Published by Walker Art Center. Edited with text by Fionn Meade, Joan Rothfuss. Foreword by Olga Viso. Text by Carlos Basualdo, Juliet Bellow, Philip Bither, Roger Copeland, Mary L. Coyne, Douglas Crimp, Hiroko Ikegami, Kelly Kivland, Claudia La Rocco, Benjamin Piekut, David Vaughan. Interviews by Victoria Brooks, Danielle Goldman, Aram Moshayedi.
How Cunningham transformed postwar culture through collaboration
Published by The Museum of Modern Art, New York. Edited with text by Leah Dickerman, Achim Borchardt-Hume. Text by Yve-Alain Bois, Andrianna Campbell, Hal Foster, Mark Godfrey, Hiroko Ikegami, Branden Joseph, Ed Krcma, Michelle Kuo, Pamela Lee, Emily Liebert, Richard Meyer, Helen Molesworth, Kate Nesin, Sarah Roberts, Catherine Wood.
“Offering both a complete overview and fresh perspective of the momentous artist, nearly everything that Rauschenberg tackled in his career is included here, including his printmaking, photography, and famous silkscreen paintings.” –Interview Magazine
Published by JRP|Ringier. Edited by Raphael Gygax, Heike Munder. Text by Torsten Blume, Eva Díaz, Raphael Gygax, Juliet Koss, Tobias Peper.
In his lifetime, "Xanti" (Alexander) Schawinsky (1904-79) was best known for his work in the theater department at the Bauhaus. Fleeing Germany before the beginning of the Second World War, he landed at Black Mountain College in North Carolina, where in the 1930s he developed his theory of the "Spectodrama." Involving multimedia productions examining elementary phenomena such as space, motion, light, sound or color from scientific, technical and performance-based perspectives, the Spectodrama represents an early form of the "happening." Beyond the avant-garde utopias of the Bauhaus and his proto-happening art, Schawinsky also worked as a painter and graphic designer. Protracted legal disputes over the artist's estate meant that Schawinsky's work was until recently almost inaccessible; Xanti Schawinsky is the first survey of Schawinsky's extraordinarily prolific output over the course of five decades, and a long-overdue resource on the work of this key figure.
Published by The Museum of Modern Art, New York. Edited with text by Sarah Hermanson Meister. Text by Elizabeth Otto, Lee Ann Daffner.
Josef Albers is widely recognized as a crucial figure in 20th-century art, both as an independent practitioner and as a teacher at the Bauhaus, Black Mountain College and Yale University. Albers made paintings, drawings and prints and designed furniture and typography. Arguably the least familiar aspect of his extraordinary career was his inventive engagement with photography, only widely known after his death, including his production of approximately 70 photocollages that feature photographs he made at the Bauhaus between 1928 and 1932. These works anticipate concerns that he would pursue throughout his career--the effects of adjacency, the exploration of color through white, black and gray, and the delicate balance between handcraft and mechanical production.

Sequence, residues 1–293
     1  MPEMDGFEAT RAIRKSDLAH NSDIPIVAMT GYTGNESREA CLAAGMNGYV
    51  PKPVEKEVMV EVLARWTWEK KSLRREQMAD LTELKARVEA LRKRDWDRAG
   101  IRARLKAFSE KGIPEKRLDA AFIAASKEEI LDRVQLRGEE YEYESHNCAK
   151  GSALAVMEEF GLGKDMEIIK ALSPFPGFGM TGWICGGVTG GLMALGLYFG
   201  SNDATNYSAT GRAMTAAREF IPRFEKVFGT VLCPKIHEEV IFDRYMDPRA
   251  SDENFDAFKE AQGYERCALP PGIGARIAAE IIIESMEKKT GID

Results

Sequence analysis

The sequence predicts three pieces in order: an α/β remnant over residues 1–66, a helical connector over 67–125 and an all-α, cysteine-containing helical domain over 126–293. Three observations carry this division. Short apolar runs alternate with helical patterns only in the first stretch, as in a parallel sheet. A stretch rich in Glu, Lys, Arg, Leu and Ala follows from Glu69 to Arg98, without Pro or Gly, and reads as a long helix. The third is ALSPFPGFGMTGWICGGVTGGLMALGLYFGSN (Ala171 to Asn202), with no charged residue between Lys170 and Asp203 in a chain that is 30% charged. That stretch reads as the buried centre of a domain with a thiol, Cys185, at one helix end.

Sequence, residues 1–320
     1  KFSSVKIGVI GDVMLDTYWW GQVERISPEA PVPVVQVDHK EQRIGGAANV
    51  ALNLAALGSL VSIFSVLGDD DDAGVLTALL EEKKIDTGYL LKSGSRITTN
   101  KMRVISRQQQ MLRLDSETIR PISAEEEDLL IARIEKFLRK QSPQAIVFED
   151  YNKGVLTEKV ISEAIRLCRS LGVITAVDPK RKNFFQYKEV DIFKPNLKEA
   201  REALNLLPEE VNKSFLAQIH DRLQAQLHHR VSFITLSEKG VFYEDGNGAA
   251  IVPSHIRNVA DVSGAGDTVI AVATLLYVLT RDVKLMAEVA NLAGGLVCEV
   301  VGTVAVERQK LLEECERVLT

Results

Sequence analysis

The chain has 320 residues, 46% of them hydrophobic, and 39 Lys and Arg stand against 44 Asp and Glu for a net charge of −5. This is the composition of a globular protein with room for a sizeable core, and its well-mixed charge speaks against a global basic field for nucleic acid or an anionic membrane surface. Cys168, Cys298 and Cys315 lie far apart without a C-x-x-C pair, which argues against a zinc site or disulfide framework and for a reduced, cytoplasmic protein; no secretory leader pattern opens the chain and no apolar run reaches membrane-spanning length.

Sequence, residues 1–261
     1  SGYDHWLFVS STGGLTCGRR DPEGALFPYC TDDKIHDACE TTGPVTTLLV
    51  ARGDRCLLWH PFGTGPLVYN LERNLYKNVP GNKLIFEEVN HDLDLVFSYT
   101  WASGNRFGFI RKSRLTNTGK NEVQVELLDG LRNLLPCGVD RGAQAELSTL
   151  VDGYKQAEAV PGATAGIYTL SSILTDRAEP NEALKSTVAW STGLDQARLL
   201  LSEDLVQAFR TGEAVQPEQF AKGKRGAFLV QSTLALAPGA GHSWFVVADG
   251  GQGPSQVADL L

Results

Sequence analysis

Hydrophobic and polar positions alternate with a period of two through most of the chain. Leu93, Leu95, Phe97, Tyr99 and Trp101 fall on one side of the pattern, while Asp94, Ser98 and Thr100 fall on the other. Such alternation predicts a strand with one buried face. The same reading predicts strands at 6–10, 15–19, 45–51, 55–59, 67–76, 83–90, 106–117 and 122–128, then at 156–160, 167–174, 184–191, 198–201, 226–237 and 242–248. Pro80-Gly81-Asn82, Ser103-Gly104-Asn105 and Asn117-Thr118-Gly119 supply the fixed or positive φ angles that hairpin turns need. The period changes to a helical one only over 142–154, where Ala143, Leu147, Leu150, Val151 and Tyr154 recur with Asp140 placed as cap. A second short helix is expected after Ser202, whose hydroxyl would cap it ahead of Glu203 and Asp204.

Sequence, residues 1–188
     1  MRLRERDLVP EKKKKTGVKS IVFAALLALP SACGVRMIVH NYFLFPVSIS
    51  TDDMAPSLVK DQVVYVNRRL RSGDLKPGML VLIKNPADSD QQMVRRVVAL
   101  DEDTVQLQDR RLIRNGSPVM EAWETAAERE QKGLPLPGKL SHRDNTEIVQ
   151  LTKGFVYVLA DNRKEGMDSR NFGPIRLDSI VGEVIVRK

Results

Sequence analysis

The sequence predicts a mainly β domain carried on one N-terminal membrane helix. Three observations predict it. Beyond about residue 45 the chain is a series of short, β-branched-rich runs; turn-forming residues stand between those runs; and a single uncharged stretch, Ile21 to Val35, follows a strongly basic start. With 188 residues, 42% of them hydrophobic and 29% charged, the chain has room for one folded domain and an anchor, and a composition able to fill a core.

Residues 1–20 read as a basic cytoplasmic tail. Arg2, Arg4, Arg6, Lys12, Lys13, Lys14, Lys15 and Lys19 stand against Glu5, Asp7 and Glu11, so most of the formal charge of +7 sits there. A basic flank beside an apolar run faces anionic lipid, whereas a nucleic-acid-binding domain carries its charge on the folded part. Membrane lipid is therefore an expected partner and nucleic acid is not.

Albers’ photographs were first shown at MoMA in a modest exhibition in 1988, when the Museum acquired two photocollages. In 2015 the Museum acquired ten additional photocollages, making its collection the most substantial anywhere outside the Albers Foundation. This publication reproduces each of the photocollages Albers made at the Bauhaus, presenting the scope of this achievement for the first time. An introductory essay by Sarah Hermanson Meister situates them within the contexts of modernist photography, the Bauhaus ethos and of Albers’ own practice.
German-born abstract painter Josef Albers laid the foundations for some of the most important art education programs of the 20th century. In 1936, during his time working at the Black Mountain College in North Carolina, he had his first solo exhibition in New York at J. B. Neumann’s New Art Circle. In 1949, Albers left the college and began his famous Homage to the Square series. He taught at various institutions throughout America, including Yale University, New Haven, where he lectured for eight years. The Museum of Modern Art, New York, organized Albers' traveling exhibition in 1965 and a retrospective of his work was held at the Metropolitan Museum of Art, New York, in 1971. The artist died in 1976.
Sarah Meister is Curator in the Department of Photography at the Museum of Modern Art, New York.
How to Improve the World (You Will Only Make Matters Worse)
Published by Siglio. Edited by Richard Kraft, Joe Biel.